MANILA, Philippines - Malacañang appealed to various groups opposing the cybercrime law to wait for the implementing rules and regulations (IRR) but stressed it respects their decision to question it before the Supreme Court.
The Cybercrime Prevention Act, which was published in newspapers last September 18, takes effect 15 days after publication - or on October 9.
“Number one, what is the position of government? The position of government is, look, we already have responsibilities attached to print, TV, and radio, so what the Cybercrime Act does is to also attach responsibilities in cyberspace," Presidential Spokesman Edwin Lacierda said in a press briefing on Thursday, September 27.
"You’ve got freedom to report - the freedom of expression is always recognized but freedom of expression is not absolute. We know that for a fact,” Lacierda added.
“And I think, more than anybody else, the journalists are very responsible when it comes to writing articles, they know the parameters. The only concern in cyberspace are the people who are not familiar with being responsible about what they write. And so, if we take away (responsibility), if it’s absolute freedom really…ultimately, you’ll be impinging on other people’s rights,” he said.
Journalists, lawyers and media organizations have said that the law's provisions on libel and state power to shut down websites violate freedom of expression.
Asked why the President did not exercise his veto powers on online libel, Lacierda said the recommendation was for approval because before the law was given to him for signing, the Office of the Executive Secretary prepared a legal memorandum for it and it was recommended for signing.
Lacierda said he hopes the IRR would be able to address the concerns of various sectors. "Some people have already resorted to, going to the Supreme Court, that is their right,” Lacierda said.
Among the chief critics of the law is a member of the ruling Liberal Party, Sen Teofisto Guingona III, who filed a petition before the Supreme Court on Thursday asking it to declare some provisions of the law unconstitutional.
Lacierda said this recourse is better than hacking government websites, which happened Wednesday night, September 26 and attacked the sites of the Bangko Sentral ng Pilipinas and the water administration system, among others.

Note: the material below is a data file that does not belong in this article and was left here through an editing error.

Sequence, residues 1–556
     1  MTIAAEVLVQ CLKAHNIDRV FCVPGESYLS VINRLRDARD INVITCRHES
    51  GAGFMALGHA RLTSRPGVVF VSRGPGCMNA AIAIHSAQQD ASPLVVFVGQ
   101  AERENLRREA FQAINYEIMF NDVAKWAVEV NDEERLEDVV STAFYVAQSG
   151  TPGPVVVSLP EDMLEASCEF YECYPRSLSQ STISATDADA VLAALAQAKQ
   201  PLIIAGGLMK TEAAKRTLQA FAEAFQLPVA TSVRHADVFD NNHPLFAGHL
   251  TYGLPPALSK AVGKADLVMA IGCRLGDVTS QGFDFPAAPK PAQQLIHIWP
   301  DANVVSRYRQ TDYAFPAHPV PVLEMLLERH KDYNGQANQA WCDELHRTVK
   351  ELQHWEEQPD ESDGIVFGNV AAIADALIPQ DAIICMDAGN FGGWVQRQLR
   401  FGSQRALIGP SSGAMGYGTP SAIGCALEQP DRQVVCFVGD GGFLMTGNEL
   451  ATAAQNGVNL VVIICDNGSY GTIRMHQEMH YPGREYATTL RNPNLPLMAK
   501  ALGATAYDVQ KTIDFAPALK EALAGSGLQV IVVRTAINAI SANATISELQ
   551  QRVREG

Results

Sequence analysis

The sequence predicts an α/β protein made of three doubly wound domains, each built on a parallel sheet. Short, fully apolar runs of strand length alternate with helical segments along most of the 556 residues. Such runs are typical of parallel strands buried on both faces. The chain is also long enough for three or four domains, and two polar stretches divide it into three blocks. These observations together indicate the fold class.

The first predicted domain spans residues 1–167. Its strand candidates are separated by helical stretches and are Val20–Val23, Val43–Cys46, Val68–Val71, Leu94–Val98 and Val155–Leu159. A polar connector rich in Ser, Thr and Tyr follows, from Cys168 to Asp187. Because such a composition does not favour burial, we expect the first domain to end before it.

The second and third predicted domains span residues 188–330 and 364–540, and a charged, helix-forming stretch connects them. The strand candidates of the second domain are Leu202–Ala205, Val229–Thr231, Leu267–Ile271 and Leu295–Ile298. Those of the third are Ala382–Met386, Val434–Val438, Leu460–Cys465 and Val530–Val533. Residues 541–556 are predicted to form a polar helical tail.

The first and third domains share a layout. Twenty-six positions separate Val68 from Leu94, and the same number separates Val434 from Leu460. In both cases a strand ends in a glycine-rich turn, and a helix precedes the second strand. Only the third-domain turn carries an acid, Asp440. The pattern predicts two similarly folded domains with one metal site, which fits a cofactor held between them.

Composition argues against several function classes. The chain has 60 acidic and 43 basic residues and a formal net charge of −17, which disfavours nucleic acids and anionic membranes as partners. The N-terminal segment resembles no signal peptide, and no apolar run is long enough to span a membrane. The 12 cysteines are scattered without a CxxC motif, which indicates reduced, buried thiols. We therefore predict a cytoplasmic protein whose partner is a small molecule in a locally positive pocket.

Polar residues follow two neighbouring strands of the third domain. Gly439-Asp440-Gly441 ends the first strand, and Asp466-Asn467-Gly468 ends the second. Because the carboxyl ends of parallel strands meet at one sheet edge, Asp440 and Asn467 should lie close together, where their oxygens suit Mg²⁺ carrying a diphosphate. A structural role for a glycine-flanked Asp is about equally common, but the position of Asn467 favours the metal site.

Lacierda said the new law was discussed during a social summit last weekend sponsored by Rappler, Tweetup Manila and several organizations but “as in any other law, there are venues if somebody would wish to contest the provisions.”
“However, as it stands right now the law is there, IRR is being drafted, maybe we can talk to those who will draft the IRR. Of course, we also know that the IRR should not be greater than the law itself. The water cannot rise above the source,” Lacierda said.
“If you want to express yourself, we can express ourselves in a decent manner. If you want to criticize, you can criticize without getting to licentious. Those are really just the concerns. There should be responsibilities. Freedom is there, we recognize the freedom to express oneself. But, we should be reminded that the responsibilities which are present already in media, in radio, in TV, should also be present in cyberspace. There should be no fear of expressing oneself, I think, that’s the most important thing,” Lacierda said.
Asked about apprehensions that the government might use this law to go after critics, Lacierda said: “You don’t have to have cyberspace to do that. We’ve seen that…We have the freedoms expressed in media so, these are not different. If I’m not mistaken, the definition of libel in the Cybercrime Act was lifted from the Revised Penal Code. So, the definition did not change,” Lacierda said.
“The wisdom has been expressed through the Cybercrime Act. These legislators agreed that that particular provision should be included. The position of the President (Aquino) is that there should also be responsibility in cyberspace. Now, as to (amendments)… lawmaking is not our department so, we assume that once it leaves the hands of the legislature, there’s presumption of regularity,” Lacierda said. - Rappler.com
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